• Bush schadenfreude. Partisan pleasure in George Bush's pain dates to the anguish of the contested 2000 election loss. The Democrats have run against something called "Bush" for so long that this sentiment is now bound up in any act or policy remotely attached to the president. Iraq's troubles, or Iran or North Korea, are merely an artifact of crushing this one guy.
• The Iraq Study Group. The ISG report wasn't defeatist, but it enabled the vocabulary of defeat. Its warning of a "slide toward chaos" was re-defined as the current Iraqi status quo. They called their bipartisan solution "phased withdrawal," but it was a euphemism for defeat. Momentum was already building in this direction, and the ISG propelled it.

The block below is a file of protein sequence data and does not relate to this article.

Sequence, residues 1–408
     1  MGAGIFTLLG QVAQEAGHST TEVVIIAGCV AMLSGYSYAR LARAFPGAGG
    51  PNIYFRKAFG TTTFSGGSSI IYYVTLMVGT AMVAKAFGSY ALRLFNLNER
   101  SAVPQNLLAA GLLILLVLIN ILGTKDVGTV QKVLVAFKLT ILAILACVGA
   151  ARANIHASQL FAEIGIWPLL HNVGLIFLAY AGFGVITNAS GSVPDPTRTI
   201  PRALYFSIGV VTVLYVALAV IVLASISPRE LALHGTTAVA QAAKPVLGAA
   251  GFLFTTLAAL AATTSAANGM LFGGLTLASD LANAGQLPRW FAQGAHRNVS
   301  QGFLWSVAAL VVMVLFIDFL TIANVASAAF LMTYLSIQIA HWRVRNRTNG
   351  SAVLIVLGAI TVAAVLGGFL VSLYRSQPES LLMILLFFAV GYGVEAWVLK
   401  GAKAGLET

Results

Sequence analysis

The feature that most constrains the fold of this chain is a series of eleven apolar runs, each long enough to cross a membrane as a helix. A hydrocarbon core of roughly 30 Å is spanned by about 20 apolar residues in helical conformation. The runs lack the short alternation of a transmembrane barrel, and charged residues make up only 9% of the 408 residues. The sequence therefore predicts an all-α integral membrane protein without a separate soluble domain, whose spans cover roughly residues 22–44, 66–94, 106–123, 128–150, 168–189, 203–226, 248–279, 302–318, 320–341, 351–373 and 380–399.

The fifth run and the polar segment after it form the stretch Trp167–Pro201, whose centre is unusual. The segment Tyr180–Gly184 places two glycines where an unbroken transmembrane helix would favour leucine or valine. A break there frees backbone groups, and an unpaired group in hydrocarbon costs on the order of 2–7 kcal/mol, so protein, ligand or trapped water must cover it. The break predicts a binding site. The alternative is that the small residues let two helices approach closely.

• The leadership vacuum. The administration never rallied the nation behind the war in a concrete way. A young Marine officer recently returned from combat in Iraq told me this week he is taken aback at how disassociated the American people seem from Iraq, no matter how constantly it's in the news. He says it's as if the problem is not so much what is actually happening in Iraq but that the war is "annoying" to Americans, as if to say: Can't it just go away or not be on the front page all the time? Rallying a nation at war is a president's job.
• The opposition vacuum. One reason the negative mood in politics is so disconcerting is that the opposition's alternative vision is nonexistent. On joining the opposition recently, GOP Sen. Norm Coleman announced, "I can't tell you what the path to success is." Joe Biden says the "primary" Iraq strategy should be to force its leaders to make the political compromises necessary to "end the violence."
January 25, 2007
Oh, who's to blame?